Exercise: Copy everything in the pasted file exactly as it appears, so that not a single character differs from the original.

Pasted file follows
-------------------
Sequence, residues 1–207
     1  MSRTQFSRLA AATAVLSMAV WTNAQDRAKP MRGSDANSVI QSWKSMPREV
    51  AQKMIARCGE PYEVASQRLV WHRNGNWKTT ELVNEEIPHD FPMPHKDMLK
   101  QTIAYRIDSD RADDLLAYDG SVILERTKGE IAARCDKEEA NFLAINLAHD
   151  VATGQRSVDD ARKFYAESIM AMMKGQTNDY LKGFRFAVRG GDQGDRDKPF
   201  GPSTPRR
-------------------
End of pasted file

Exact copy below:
Sequence, residues 1–207
     1  MSRTQFSRLA AATAVLSMAV WTNAQDRAKP MRGSDANSVI QSWKSMPREV
    51  AQKMIARCGE PYEVASQRLV WHRNGNWKTT ELVNEEIPHD FPMPHKDMLK
   101  QTIAYRIDSD RADDLLAYDG SVILERTKGE IAARCDKEEA NFLAINLAHD
   151  VATGQRSVDD ARKFYAESIM AMMKGQTNDY LKGFRFAVRG GDQGDRDKPF
   201  GPSTPRR